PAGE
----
Nearly every article I've read about him since his newsletters have become news have talked about how honest he is and how he speaks truth to power. That's true. And it's an admirable trait for someone to have, especially a modern politician. But I think the fact that this trait has been so admired about Paul recently speaks to just how bad everyone else is on that front.
Ron Paul is way out there on numerous issues; monetary policy, regulation, economic policy in general, and federalism (which encompasses nearly every policy since he would just leave it up to states). I'd even argue that his foreign policy is a bit out there. It's great that he would stop fighting unnecessary wars. But he seems to want to do a lot more than that. And even though I want us to scale back, I don't want us to stop giving monetary and diplomatic aid to the rest of the world. That could be in the same ballpark in terms of danger to us as overreaching is.
Paul says he wants to end the drug way and generally respect people's civil rights. But what if states want to keep fighting drug wars, keep gay people from getting married, or infringe on people's rights in the name of fighting terrorism or crime in general? What if a state wants to enact anti-free market economic policies on it's businesses and people? In those circumstances would Paul use the authority of the federal gov't to enforce the principles he claims to hold dear? Or would he sit back and adhere to the federalist principles he also claims to hold dear?
I don't think there is a clear answer to any of those questions. And the consequences of him not fulfilling his desire to protect people's rights could be almost as important as Obama's failures have been. The point I'm trying to reinforce is that Paul holds some radical views. And just because he is honest about expressing those views doesn't make them any better. All of Paul's good virtues and great policies he supports don't make going back on the gold standard or letting states oppress gay people's rights any better.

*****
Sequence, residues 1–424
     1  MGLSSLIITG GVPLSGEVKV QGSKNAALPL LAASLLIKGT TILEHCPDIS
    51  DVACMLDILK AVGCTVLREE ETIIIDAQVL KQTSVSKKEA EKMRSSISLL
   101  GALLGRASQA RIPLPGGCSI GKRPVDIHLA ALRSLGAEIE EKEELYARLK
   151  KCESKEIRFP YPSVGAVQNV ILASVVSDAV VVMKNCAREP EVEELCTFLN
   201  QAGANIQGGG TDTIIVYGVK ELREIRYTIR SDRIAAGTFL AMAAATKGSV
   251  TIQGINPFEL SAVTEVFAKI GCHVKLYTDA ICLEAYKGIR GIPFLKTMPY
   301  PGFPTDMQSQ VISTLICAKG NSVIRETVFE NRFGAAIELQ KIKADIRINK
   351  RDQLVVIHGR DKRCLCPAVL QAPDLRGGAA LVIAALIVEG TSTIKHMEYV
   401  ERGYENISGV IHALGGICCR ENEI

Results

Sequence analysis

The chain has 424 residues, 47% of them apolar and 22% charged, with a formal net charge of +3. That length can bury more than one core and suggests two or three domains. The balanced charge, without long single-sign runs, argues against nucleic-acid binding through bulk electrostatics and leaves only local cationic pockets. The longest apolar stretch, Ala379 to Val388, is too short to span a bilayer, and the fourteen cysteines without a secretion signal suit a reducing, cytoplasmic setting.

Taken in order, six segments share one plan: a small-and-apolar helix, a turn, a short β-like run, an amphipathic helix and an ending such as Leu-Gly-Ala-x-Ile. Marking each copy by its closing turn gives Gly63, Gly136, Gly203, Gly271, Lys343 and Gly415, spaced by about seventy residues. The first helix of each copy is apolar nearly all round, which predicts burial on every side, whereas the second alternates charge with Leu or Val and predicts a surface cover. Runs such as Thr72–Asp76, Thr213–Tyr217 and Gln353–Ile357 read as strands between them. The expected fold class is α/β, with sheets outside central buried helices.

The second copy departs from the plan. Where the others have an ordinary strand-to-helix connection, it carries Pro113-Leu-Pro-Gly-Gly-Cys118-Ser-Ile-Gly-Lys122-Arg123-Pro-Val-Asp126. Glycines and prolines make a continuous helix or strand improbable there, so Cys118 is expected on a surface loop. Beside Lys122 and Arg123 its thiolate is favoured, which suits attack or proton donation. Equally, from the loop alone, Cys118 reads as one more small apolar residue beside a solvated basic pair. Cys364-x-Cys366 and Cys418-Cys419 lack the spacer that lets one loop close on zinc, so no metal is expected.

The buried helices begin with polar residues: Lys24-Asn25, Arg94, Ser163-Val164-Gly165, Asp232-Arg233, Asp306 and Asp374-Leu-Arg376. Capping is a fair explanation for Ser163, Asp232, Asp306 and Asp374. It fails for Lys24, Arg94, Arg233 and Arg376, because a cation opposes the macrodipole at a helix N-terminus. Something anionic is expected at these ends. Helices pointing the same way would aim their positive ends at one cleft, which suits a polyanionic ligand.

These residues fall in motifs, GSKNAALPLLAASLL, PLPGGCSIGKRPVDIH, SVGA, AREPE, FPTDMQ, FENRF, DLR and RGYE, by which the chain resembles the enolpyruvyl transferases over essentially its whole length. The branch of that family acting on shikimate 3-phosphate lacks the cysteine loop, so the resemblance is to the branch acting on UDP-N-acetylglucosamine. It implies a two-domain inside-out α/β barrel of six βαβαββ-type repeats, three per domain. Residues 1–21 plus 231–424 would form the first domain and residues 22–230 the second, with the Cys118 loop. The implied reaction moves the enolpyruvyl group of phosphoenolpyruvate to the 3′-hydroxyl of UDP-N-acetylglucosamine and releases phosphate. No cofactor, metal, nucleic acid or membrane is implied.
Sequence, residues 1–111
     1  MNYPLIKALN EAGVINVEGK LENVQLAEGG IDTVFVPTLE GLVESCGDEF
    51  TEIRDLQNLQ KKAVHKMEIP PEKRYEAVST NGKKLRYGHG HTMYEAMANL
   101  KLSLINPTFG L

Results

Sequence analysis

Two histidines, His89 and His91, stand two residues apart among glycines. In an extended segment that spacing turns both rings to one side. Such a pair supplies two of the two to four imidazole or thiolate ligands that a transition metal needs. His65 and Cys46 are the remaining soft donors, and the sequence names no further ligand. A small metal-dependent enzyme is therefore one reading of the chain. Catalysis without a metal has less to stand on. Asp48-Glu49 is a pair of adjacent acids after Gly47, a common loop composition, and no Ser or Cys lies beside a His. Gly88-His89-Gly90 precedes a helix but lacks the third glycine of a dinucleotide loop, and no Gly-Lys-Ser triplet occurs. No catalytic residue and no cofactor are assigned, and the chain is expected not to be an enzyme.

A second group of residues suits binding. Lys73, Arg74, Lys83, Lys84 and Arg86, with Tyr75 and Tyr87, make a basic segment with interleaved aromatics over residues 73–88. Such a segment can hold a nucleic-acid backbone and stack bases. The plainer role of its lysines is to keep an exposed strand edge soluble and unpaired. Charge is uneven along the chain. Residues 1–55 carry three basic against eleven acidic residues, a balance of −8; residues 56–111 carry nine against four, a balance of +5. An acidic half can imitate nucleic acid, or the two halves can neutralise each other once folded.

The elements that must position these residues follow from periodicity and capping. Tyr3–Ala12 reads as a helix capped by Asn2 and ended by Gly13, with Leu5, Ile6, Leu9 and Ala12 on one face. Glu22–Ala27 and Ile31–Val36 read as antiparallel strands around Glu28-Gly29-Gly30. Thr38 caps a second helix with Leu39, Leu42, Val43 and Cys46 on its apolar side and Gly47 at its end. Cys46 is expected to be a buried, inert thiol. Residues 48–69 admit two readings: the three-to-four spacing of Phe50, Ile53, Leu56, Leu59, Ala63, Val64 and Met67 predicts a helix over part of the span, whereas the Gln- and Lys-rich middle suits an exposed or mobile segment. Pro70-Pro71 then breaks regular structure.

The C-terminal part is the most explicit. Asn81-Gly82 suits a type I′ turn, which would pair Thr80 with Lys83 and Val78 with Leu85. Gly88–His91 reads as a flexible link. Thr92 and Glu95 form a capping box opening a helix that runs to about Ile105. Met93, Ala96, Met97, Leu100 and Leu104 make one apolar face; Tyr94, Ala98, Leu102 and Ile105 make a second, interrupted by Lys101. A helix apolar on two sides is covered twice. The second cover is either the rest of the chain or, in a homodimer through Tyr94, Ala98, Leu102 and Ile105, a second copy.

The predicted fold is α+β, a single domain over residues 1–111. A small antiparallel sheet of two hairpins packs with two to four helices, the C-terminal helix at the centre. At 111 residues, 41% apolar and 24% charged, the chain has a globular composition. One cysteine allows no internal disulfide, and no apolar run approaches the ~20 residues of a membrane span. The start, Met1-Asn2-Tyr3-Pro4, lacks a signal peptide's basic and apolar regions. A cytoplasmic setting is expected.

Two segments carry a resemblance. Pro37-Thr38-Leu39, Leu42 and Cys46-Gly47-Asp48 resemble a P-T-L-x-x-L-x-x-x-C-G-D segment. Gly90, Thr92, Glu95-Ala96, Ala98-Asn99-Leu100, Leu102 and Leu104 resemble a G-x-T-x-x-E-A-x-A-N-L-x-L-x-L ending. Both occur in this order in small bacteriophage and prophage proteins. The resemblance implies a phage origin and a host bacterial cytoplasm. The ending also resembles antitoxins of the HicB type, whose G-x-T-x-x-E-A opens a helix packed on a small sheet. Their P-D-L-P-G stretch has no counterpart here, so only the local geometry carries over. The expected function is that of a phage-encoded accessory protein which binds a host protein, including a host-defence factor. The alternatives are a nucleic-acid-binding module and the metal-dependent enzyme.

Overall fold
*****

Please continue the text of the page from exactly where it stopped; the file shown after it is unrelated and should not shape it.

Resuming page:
I appreciate that the likes of Glenn Greenwald, Ross Douthat, Conor Friedersdorf, and Andrew Sullivan are trying to keep liberals honest by pointing out that Paul supports policies Obama said he would but hasn't since he has been in office. But just like liberals can't (or at least shouldn't) ignore Obama's failures of those issues, we shouldn't ignore the questionable policies Paul endorses just because he is being honest or because the rest of the GOP is an absolute laughing stock. What matters is policy and the effect that policy has on people. And while I have been very disappointed with Obama's policies and his lack of honesty, I don't think Ron Paul would be better on the whole.
What I think Paul and Obama show us is that we need to expect more from out leaders. They both hold traits that are good. But they are incomplete. They rise to the top because they are just the best options amongst a bunch of bad options. If we make it clear that these incomplete candidates aren't good enough we wouldn't have to harp on those few good things and make qualifying endorsements. But that is one of the challenges of American democracy.